Image (Wikipedia): “The honeyeaters are a large and diverse family, Meliphagidae, of small to medium-sized birds.”
By John Simkin (email@example.com) © September 1997 (updated January 2020):
“…After leaving university (Eric) Maschwitz became an assistant stage-manager at His Majesty’s Theatre in London. He was a regular visitor to the Café Royal where he became friends with Frank Harris, Augustus John, Christopher Nevinson, William Orpen, Mark Gertler, Michael Arlen, Ronald Firbank and James Agate. After meeting Michael Joseph he became assistant-editor at a publishing company. Maschwitz obtained a literary agent, Nancy Pearn, and had a novelette entitled The Little Lady , serialised in the Daily Mirror.
Eric Maschwitz became romantically involved with Michael Joseph’s wife, the actress, Hermione Gingold. They moved to the Porquerolles, an island off the Côte d’Azur. Over the next three months Maschwitz wrote a novel, A Taste of Honey. The book sold well and was able to rent a flat in Earls Court Road. However, the follow-up, Angry Dust, was a complete failure.
In 1926 Rebecca West introduced Maschwitz to the American journalist, John Gunther. He described Maschwitz as being: “Tall, 25, black hair falling over his forehead, tortoise shell glasses”. The two men became close friends and decided to go on holiday together in Paris. Eric’s wife, the actress, Hermione Gingold, also joined them on their visit. However, after a week Maschwitz ran out of money and was forced to return to London.
During the General Strike Maschwitz enlisted as a Special Constable. He later recalled “I enlisted more to fill the empty days with a little adventure than with an idea of opposing the workers of the world!” A week after the strike ended Maschwitz met an old friend, Lance Sieveking, who had just started work for the British Broadcasting Company. Sieveking introduced him to his boss who employed him on the yearly salary of £300.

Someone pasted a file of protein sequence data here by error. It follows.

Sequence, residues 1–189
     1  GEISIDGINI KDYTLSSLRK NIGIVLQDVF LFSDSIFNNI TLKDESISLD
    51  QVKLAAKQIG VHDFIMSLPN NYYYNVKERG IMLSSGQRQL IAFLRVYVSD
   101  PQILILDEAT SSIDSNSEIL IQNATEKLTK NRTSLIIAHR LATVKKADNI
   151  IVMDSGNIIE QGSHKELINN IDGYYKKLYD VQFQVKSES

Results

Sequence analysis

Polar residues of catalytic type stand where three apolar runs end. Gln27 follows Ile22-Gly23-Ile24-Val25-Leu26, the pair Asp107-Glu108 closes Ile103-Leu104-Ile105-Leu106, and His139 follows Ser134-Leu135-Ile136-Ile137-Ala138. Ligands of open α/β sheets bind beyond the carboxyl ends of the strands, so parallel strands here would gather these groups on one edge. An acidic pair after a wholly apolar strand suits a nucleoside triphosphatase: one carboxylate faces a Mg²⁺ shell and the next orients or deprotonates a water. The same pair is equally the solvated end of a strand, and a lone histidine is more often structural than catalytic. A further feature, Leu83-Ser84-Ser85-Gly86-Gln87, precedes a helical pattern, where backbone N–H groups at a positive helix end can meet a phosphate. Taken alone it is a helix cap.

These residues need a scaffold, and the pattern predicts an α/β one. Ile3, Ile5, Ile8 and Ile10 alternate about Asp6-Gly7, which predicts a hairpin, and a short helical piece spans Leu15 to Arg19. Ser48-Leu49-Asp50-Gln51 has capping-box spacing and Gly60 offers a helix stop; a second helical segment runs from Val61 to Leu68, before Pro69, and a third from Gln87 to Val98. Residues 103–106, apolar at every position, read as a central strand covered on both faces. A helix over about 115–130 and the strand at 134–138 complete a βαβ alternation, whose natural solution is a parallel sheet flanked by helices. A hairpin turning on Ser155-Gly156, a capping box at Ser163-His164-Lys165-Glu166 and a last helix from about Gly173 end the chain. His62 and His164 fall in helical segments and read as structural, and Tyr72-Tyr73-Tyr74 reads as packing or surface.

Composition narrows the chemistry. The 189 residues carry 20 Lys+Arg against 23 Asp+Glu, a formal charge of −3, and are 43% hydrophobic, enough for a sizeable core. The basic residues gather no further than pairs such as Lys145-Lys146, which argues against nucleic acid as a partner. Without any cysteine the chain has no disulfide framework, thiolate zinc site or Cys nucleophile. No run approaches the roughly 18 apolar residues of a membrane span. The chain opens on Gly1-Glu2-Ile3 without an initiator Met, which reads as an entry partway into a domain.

Maschwitz got on well with the Director-General John Reith: “Much as has been said and written in criticism of the BBC’s first director-general, now Lord Reith. Six-feet-six in height, his dour handsome face scarred like that of a villain in a melodrama, he was a strange shepherd for such a mixed, bohemian flock… He had our respect (even if we made grudging fun of him in private); he was scrupulously just and, if you were not afraid of him, intensely human under his somewhat frightening exterior. He was always kind to me and I admire him still to the point of hero-worship.”
In October 1927 Maschwitz married Hermione Gingold. Maschwitz later recalled: “The bride, who carried for her bouquet, a penny bunch of Parma violets, wept bitterly throughout the ceremony. My dear father, who had with impeccable generosity forgiven me my various misdemeanours, behaved most beautifully to us both, though I detected eyebrows raised between my mamma and himself as we accompanied them along the muddy lane that led to our first abode. At the studio we were greeted by Hermione’s three cats, each with a cod’s head on a tin plate, the rain was dripping through the glass roof and so the wedding breakfast, although a friendly enough affair, was not what might have been termed a riotous success!”
Maschwitz was introduced to Jack Strachey, a composer of music. They decided to write songs together. One of their first attempts in 1936 was These Foolish Things (Remind Me of You). It has been claimed that the lyrics by Maschwitz was based on his love affair with the Chinese-American actress Anna May Wong. The song became a standard and writing in 1957 he claimed that he made £40,000 from the song…”
“Maschwitz was married twice: first to Hermione Gingold, who was granted a divorce in 1945, and then immediately to Phyllis Gordon, who remained his wife until his death.”